STEAMBOAT SPRINGS, Colo. (CBS4) – Coloradans know the pine beetle has been causing catastrophic problems in the national forests, and now there could be a new one.

Some scientists in the Steamboat Springs area say the beetle-killed trees are creating a haze that’s preventing people from seeing across mountain tops. The research is getting world-wide attention.

The research started in Norway with a different species tree and pest, but when the research was done in Colorado, the findings were remarkable. The scientists say their research is conclusive.

“Our findings have implications in Colorado, but also all across of North America, so we’re really looking at what is the impact on visibility due to these infestations,” Dr. Gannet Hallar with Storm Peak Laboratory said.

The signs of beetle kill are abundant, especially around the central mountains of Colorado and high up on a mountain top such as at Steamboat Ski Area, the view isn’t as impressive as some would like.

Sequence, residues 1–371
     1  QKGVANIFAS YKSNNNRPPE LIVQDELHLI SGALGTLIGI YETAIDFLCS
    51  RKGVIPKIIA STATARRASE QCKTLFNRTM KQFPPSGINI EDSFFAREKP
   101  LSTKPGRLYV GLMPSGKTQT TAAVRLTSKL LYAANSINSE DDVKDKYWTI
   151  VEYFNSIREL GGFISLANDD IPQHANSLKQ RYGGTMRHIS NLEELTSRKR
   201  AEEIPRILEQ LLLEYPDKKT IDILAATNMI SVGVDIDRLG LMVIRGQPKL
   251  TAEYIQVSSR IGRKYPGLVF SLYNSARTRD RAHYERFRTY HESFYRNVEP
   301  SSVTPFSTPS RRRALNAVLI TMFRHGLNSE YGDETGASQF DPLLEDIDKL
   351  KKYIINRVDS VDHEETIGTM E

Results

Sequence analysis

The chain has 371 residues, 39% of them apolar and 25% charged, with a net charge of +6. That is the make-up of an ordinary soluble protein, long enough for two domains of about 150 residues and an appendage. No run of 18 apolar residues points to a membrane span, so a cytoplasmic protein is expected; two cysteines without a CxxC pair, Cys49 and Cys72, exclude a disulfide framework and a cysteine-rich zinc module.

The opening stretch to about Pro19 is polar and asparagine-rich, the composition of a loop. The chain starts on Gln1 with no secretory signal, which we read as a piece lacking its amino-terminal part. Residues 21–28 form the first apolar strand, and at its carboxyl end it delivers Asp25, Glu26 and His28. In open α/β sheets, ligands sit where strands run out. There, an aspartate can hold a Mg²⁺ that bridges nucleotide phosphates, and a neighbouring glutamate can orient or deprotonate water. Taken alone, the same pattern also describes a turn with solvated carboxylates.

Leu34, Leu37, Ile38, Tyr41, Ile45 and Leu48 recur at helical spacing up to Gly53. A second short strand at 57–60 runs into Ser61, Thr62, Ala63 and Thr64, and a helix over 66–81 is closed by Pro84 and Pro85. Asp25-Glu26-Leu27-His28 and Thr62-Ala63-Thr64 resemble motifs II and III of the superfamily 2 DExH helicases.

“What we did was sample directly here to see what kind of emissions or changes to the atmosphere were happening at this point,” Hallar said.

Trees and even wildlife emit something called a volatile organic carbon.

“One thing that you can think about is the smell of a pine tree. That’s actually what you’re smelling; you’re smelling these compounds,” Hallar said. “What happens is, they get out into the atmosphere and then they mix with man-made chemicals like ozone and they form particulate matter. What that means is they are essentially forming haze in our atmosphere.

“We literally see 20 times more of these compounds coming from infested trees than non-infested trees.”

It’s a remarkably higher rate than scientists were even anticipating, but they admit more research needs to be done.

“We can’t directly say that specific haze is coming from bark beetles, but we’re really trying to get to that point.”

There’s some added research going on now at Colorado State University where a scientist is taking the findings and putting that information into a model to try and see what kind of impact the beetle-kill epidemic has had on not just the state, but the entire region.

For more information on the study, visit the Environmental Science & Technology website.


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